Articles by Philipp Taesler in JoVE
Psychophysically-anchored, Robust Thresholding in Studying Pain-related Lateralization of Oscillatory Prestimulus Activity Philipp Taesler1, Michael Rose1 1Department of Systems Neuroscience, University Medical Center Hamburg Eppendorf Psychophysical methods such as the QUEST estimation procedure can efficiently yield robust estimates of the stimulation intensity at which nonpainful sensations transition into painful sensations. By stimulating repeatedly at the threshold intensity, the variability in rating responses can directly be attributed to perceptual classifications in subsequent analyses.
Other articles by Philipp Taesler on PubMed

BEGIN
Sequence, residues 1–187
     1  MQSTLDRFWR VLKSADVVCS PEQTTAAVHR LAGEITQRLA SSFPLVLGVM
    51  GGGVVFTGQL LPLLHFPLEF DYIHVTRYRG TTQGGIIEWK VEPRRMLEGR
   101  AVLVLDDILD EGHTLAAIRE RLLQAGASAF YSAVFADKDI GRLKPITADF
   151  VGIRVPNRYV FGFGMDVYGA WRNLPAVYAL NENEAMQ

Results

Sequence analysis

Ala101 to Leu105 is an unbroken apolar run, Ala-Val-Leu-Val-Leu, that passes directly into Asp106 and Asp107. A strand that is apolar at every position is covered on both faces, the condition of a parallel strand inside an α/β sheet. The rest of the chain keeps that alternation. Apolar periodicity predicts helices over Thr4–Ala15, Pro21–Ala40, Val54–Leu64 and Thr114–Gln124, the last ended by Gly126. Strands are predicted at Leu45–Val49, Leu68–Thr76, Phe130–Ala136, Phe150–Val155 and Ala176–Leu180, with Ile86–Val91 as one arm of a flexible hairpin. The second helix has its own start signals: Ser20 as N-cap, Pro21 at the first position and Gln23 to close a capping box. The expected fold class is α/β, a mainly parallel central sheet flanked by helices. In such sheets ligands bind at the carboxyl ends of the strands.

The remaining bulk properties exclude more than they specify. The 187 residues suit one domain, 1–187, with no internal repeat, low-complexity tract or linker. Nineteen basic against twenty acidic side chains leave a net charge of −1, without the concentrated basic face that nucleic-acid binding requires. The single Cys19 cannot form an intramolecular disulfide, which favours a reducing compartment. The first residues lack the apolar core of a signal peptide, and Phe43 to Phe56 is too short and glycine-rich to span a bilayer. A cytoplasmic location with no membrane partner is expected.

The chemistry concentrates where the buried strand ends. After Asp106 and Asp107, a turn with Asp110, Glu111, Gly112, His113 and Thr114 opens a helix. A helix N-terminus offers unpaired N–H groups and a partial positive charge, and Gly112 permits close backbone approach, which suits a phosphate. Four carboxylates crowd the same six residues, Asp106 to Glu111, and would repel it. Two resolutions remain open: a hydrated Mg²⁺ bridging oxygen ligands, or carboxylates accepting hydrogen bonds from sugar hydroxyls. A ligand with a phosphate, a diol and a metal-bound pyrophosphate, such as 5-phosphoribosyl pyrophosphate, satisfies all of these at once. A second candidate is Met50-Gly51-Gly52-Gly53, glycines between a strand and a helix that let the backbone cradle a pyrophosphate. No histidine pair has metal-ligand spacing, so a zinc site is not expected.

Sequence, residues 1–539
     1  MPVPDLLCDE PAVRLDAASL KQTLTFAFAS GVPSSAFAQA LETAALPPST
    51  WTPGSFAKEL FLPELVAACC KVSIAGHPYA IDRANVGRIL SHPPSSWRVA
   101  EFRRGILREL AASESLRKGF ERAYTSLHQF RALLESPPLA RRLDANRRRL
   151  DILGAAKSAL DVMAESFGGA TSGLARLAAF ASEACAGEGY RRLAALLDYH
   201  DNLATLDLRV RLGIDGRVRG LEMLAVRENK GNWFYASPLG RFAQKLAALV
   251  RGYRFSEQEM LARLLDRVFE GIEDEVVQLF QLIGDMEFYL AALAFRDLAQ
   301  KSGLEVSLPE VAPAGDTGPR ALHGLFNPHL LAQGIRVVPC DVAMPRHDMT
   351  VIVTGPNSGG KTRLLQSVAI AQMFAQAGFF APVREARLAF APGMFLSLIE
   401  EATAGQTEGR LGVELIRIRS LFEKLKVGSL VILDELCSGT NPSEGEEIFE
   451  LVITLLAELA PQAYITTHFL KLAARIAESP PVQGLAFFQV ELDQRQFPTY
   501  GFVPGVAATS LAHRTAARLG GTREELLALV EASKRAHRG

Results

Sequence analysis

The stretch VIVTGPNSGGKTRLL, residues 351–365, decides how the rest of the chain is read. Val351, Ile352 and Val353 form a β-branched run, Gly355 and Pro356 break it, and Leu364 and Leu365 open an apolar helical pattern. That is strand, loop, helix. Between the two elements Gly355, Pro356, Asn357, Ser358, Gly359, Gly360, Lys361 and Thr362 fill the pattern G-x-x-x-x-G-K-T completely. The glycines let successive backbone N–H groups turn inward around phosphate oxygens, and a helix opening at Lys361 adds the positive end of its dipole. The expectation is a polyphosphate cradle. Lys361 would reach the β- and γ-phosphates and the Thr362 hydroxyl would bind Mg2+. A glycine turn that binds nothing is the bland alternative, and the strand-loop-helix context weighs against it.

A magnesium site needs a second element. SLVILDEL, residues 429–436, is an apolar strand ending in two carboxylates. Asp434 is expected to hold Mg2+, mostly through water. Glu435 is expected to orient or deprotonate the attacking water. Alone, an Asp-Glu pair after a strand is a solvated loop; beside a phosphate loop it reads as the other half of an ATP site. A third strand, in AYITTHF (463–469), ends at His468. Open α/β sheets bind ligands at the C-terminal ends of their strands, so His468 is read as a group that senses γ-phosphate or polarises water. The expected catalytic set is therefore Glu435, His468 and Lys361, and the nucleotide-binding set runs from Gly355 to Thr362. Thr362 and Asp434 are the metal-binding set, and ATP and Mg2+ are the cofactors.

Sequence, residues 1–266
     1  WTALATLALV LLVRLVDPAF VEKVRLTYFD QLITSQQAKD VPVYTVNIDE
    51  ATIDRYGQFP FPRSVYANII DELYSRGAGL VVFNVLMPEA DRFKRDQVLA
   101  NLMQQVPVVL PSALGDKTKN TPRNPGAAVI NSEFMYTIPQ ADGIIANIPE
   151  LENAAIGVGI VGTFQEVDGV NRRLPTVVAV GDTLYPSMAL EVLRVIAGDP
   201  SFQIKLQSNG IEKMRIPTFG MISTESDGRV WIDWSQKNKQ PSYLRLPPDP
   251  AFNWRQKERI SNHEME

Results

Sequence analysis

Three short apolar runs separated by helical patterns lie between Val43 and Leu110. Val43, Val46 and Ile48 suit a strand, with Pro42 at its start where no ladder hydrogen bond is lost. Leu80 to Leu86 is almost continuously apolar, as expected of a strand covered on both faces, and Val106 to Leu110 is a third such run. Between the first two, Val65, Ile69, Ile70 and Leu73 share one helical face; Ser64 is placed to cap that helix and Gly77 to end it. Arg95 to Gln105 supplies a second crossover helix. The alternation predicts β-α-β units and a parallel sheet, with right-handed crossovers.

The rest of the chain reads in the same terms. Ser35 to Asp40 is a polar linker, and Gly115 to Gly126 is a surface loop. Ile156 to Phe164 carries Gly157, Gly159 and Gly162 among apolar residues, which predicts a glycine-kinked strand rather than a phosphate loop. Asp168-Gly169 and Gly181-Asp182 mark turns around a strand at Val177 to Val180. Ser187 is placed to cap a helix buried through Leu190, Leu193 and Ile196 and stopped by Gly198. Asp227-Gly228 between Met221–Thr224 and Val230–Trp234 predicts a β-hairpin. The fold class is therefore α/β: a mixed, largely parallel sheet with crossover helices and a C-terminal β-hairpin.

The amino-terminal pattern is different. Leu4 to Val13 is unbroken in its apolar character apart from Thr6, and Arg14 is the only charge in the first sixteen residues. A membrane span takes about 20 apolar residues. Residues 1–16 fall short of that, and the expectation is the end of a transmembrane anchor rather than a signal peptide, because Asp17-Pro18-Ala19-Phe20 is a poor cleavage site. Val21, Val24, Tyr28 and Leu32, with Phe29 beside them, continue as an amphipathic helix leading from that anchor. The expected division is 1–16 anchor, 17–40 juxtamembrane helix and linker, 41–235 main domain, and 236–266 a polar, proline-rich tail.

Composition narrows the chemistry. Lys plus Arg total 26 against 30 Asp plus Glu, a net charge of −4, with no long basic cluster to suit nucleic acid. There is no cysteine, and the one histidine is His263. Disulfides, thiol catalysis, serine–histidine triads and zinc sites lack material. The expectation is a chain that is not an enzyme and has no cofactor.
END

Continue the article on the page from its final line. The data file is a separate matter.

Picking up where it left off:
Prestimulus Theta Oscillations and Connectivity Modulate Pain Perception The Journal of Neuroscience : the Official Journal of the Society for Neuroscience. May, 2016 | Pubmed ID: 27147655 The perception of pain is strongly influenced by cognitive processes, such as expectations toward the efficacy of pain medication. It is reasonable to assume that such processes, among other sources of fluctuation, are reflected in ongoing brain activity, which in turn influences perceptual processing. To identify specific prestimulus EEG activity, and connectivity patterns related to subsequent pain perception in humans, we contrasted painful with nonpainful sensations delivered at the individual threshold level determined by the psychophysical QUEST estimation method (Watson and Pelli, 1983). The 64-channel EEG was recorded using active electrodes during a constant stimulation procedure. The power contrast between trials sorted by rating revealed a signal decrease of 8% before stimulus onset in theta-band (4-7 Hz) at T7/FT7 as well as increased theta-power by 6% at T8/FT8. Gamma-band power was increased (12%, 28-32 Hz) at frontocentral sites (all p < 0.05). Changes in theta-band power are covarying with subsequent pain perception, as well as lowered frontolateral theta-band connectivity for painful percepts. A decrease in frontoparietal connectivity for painful sensations was also identified in the gamma-band (28-32 Hz). A single-trial logistic regression revealed significant information content in the EEG signal at temporal electrode T7 in theta-band (p < 0.01) and frontal electrode F1 in gamma-band (all p < 0.02). The observed patterns suggest top-down modulation of the theta-band effects by a frontocentral network node. These findings contribute to the understanding of ongoing subjective pain sensitivity, potentially relevant to both clinical diagnostics and pain management.